Audubon Adventures

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No other bird flies quite like a hummingbird. Because of the way their wings are made, hummingbirds can hover in one spot as well as fly backwards, side to side, straight up and down, and even upside-down! Hummingbirds also flap amazingly fast—from 20 to almost 100 times per second. The rapidly beating wings make the humming noise that gives hummingbirds their name.

Most hummingbirds are about 3-1/2 inches long. The Bee Hummingbird is the world’s smallest bird, measuring just 2 inches from bill to tail.

While hummingbirds sometimes eat small insects and spiders, their favorite food by far is the sweet liquid called nectar that is produced inside some flowers. A hummingbird may visit 2,000 flowers in one day in search of nectar. This makes a hummingbird an excellent pollinator. Flowers need pollen from other flowers to make seeds, but they can’t visit other plants to swap pollen. Instead, some flowers get the job done when their pollen sticks to a feeding hummingbird’s feathers and bill. The hummingbird carries the pollen to the next flower it visits.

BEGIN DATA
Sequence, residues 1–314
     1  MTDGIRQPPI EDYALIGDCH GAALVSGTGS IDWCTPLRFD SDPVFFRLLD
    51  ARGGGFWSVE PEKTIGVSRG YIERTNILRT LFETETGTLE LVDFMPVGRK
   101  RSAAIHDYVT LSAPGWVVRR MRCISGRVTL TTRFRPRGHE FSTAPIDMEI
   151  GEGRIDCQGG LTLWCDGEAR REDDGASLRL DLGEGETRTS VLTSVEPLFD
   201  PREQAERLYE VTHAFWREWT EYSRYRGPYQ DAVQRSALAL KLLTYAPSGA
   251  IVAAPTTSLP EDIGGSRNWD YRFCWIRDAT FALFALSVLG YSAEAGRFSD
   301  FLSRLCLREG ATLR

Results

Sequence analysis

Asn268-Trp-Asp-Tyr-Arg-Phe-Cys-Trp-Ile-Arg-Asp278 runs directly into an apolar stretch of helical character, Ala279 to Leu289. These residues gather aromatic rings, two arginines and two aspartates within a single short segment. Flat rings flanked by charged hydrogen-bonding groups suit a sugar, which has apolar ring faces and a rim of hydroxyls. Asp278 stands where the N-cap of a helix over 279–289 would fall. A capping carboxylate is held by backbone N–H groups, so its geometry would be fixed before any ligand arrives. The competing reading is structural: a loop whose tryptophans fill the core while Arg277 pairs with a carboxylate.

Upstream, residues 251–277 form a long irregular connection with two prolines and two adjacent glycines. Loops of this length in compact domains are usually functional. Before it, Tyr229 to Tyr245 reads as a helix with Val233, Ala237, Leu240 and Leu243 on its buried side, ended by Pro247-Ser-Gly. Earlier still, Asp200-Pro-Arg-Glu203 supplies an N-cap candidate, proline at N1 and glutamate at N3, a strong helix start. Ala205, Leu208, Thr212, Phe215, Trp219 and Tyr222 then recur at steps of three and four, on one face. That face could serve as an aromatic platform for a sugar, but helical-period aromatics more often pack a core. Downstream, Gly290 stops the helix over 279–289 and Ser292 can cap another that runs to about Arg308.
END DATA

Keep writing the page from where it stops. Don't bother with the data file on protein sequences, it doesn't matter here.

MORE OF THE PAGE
Many hummingbirds migrate between the place where they raise their young and the place where they spend the winter. Scientists are studying them to find out more about the migration paths they follow. Many people attract hummingbirds by planting flowers hummingbirds like. Others hang up hummingbird feeders. Some are helping with scientific research through a project called “Hummingbirds at Home.” These community scientists keep track of the hummingbirds they see and report their findings to scientists.

Find out more about these tiny, colorful, fast-moving birds in the Hooray for Hummingbirds! student magazine. Just click on the cover in the column on the right. Inside you'll discover just how interesting hummingbirds are. Check out the other parts of the website for even more fun.





Photos: (top to bottom) Tom Koerner, Mike Anderson.